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The Sony KDL-40EX400 is a good looking TV by almost any account. It has clean, sharp lines, but it's not such a radical departure from standard TV design as something like the Samsung C7000 series.

The Sony KDL-40EX400 has an attractive appearance when you look at it from the front. The bezel is thick, sure, but the sharp corners and slight inward angles lend a very modern look.

Front Tour Image

The Sony KDL-40EX400 has a plastic backing. The ports are grouped in a corner, which should make for easier access.

Back Tour Image

From the side view, you can see the Sony KDL-40EX400 is not terribly thin, at least by modern standards. On one side you'll find some ports, and on the other, onboard controls.

Sides Tour Image

The Sony KDL-40EX400's stand is wide and rectangular. It feels quite sturdy enough to hold up the 40-inch panel, though it does not allow the panel to swivel.

Stand Photo

No swivel base. Sorry.

The onboard controls on the right side of the TV are hard plastic buttons. We prefer buttons like this, tucked away on the side, rather than buttons on the front bezel that invariably pick up fingerprints.

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Controls Photo

The remote control that ships with the Sony KDL-40EX400 is stripped down and simple, yet still allows you to control other Sony Bravia AV devices.

Remote Control Photo

A good, simple remote

The Sony KDL-40EX400 comes with the stand, remote control, batteries, instruction manual, and various support documents. There was a slight hiccup when assembling the TV. There are two sets of screws – long and short – but no instructions anywhere that indicate which screws you should use for which set of holes. They're both the same thread width, adding to the confusion. (Hint, the short screws go into the panel. The long screws connect the neck to the base.)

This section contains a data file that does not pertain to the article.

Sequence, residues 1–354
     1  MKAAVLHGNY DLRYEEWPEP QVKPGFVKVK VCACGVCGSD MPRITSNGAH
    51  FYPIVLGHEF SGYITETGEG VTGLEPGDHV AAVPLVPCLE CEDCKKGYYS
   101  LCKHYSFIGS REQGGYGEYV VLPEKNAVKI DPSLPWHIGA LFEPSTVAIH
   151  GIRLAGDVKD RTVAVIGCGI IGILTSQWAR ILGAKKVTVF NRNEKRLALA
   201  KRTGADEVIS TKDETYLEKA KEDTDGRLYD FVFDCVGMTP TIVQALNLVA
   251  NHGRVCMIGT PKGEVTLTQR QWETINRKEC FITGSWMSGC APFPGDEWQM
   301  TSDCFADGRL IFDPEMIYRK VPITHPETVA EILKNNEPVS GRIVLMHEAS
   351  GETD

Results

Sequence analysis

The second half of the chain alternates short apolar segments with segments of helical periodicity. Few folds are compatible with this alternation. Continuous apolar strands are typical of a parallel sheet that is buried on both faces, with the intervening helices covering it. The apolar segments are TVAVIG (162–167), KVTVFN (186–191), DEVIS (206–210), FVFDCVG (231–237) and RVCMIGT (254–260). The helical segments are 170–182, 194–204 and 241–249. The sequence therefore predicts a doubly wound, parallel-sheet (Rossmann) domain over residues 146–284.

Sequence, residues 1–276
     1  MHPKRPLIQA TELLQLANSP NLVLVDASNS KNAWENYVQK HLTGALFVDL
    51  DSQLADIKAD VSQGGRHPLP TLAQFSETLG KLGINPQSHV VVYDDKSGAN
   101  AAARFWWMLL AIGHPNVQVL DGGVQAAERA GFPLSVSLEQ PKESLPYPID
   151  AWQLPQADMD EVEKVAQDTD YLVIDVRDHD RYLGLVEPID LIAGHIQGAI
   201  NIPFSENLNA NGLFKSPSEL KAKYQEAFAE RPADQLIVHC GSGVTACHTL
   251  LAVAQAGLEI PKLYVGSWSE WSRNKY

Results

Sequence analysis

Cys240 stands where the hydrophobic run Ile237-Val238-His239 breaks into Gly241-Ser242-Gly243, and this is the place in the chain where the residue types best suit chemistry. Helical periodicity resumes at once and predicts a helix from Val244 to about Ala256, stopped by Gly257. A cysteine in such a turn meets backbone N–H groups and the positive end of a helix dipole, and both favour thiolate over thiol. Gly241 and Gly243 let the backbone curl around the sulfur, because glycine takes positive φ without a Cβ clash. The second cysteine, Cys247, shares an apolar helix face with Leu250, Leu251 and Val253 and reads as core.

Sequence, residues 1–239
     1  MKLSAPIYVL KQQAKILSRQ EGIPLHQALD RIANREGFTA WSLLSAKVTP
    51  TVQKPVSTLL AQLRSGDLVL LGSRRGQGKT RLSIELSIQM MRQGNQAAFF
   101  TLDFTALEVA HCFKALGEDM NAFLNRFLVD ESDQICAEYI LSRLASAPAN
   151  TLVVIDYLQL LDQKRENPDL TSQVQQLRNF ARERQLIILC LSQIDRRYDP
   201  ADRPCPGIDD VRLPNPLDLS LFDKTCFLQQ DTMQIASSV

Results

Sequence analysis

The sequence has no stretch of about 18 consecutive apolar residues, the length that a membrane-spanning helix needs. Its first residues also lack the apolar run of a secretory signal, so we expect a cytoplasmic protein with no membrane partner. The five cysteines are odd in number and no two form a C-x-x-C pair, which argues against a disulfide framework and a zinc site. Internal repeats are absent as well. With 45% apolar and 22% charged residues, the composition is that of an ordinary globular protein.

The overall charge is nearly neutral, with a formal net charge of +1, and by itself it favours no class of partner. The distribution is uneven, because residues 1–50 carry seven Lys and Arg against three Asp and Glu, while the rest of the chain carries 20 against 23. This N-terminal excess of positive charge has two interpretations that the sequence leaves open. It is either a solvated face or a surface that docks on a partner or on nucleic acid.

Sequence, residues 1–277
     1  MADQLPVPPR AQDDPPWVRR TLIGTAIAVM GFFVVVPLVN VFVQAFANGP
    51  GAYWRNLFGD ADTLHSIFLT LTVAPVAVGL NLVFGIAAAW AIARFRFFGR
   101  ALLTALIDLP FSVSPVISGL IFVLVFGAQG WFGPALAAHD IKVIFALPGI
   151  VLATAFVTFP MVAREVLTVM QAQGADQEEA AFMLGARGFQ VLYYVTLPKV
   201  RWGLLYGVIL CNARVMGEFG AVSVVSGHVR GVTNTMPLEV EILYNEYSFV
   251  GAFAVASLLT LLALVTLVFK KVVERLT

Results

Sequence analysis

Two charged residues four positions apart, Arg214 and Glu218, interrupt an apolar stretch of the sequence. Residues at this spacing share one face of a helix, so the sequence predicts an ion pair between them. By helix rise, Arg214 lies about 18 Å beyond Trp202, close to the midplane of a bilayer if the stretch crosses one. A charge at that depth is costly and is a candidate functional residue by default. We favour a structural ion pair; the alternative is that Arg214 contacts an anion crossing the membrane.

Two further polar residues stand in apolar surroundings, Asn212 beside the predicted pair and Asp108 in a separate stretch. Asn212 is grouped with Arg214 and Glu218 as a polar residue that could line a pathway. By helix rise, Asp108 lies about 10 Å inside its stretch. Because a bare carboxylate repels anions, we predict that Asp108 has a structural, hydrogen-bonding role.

The Sony KDL-40EX400 performed rather well in our black level test, dropping as low as 0.09 cd/m2. That compares favorably with similar TVs, as you can see in the chart below. Remember, lower is better. More on how we test black level.

Black Level Chart

The Sony KDL-40EX400 can produce a peak white as bright as 298.18 cd/m2. That's not quite as bright as a similar, more expensive Sony TV, but it's plenty bright by our standards. More on how we test peak brightness.

Peak Brightness Chart

With a good black level and a good peak brightness, you've got the magic ingredients for a good contrast ratio. Our tests found a performance of approximately 3313:1. More on how we test contrast.

Contrast Chart

The Sony KDL-40EX400 had no problem with maintaining a consistent black level. Occasionally you see a plasma TV with a problem in this area, but most LCDs TVs (like this one) are fine. More on how we test tunnel contrast.

Tunnel Contrast Chart

The Sony KDL-40EX400 showed absolutely no problems with maintaining a consistent peak brightness. More on how we test white falloff.

White Falloff Chart

For an LCD with CCFL backlighting, the Sony KDL-40EX400 was good at producing an even uniformity. We noticed some yellowing dimming in the corners on an all-white screen and some flashlighting in an all-black screen, but not to a terrible degree. More on how we test white falloff.

The greyscale gamma test evaluates how well a TV can display transitions from black to white. The chart below indicates that the Sony KDL-40EX400 has some minor problems with shadow detail, indicated by the lower left portion of the chart that flattens out into a horizontal line. The rest of the line is pretty smooth, but the slope of 2.60 is a little steep. Ideally, we're looking for a slope between 2.1 and 2.2. More on how we test greyscale gamma.